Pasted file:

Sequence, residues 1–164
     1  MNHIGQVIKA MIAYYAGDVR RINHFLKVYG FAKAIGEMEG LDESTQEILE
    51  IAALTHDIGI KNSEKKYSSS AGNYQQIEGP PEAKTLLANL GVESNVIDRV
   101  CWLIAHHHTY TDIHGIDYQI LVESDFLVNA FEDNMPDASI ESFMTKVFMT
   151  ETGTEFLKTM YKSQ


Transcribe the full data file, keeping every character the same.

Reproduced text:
Sequence, residues 1–164
     1  MNHIGQVIKA MIAYYAGDVR RINHFLKVYG FAKAIGEMEG LDESTQEILE
    51  IAALTHDIGI KNSEKKYSSS AGNYQQIEGP PEAKTLLANL GVESNVIDRV
   101  CWLIAHHHTY TDIHGIDYQI LVESDFLVNA FEDNMPDASI ESFMTKVFMT
   151  ETGTEFLKTM YKSQ